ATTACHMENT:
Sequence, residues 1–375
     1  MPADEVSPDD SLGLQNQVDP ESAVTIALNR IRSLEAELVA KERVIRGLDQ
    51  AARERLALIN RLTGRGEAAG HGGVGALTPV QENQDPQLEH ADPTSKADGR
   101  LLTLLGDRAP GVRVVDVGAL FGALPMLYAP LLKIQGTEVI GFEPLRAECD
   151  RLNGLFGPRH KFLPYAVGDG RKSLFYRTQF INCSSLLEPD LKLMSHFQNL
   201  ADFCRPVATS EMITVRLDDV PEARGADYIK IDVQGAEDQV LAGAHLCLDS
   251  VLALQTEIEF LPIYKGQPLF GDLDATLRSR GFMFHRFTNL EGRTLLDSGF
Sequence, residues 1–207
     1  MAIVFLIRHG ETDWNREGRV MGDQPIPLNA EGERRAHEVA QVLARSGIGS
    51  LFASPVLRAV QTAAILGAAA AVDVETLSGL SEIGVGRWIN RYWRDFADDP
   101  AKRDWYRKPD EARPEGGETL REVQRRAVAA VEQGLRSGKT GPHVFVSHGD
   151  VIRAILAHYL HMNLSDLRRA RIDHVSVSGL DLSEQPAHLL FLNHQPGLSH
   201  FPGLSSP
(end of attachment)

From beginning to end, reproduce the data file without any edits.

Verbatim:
Sequence, residues 1–375
     1  MPADEVSPDD SLGLQNQVDP ESAVTIALNR IRSLEAELVA KERVIRGLDQ
    51  AARERLALIN RLTGRGEAAG HGGVGALTPV QENQDPQLEH ADPTSKADGR
   101  LLTLLGDRAP GVRVVDVGAL FGALPMLYAP LLKIQGTEVI GFEPLRAECD
   151  RLNGLFGPRH KFLPYAVGDG RKSLFYRTQF INCSSLLEPD LKLMSHFQNL
   201  ADFCRPVATS EMITVRLDDV PEARGADYIK IDVQGAEDQV LAGAHLCLDS
   251  VLALQTEIEF LPIYKGQPLF GDLDATLRSR GFMFHRFTNL EGRTLLDSGF
Sequence, residues 1–207
     1  MAIVFLIRHG ETDWNREGRV MGDQPIPLNA EGERRAHEVA QVLARSGIGS
    51  LFASPVLRAV QTAAILGAAA AVDVETLSGL SEIGVGRWIN RYWRDFADDP
   101  AKRDWYRKPD EARPEGGETL REVQRRAVAA VEQGLRSGKT GPHVFVSHGD
   151  VIRAILAHYL HMNLSDLRRA RIDHVSVSGL DLSEQPAHLL FLNHQPGLSH
   201  FPGLSSP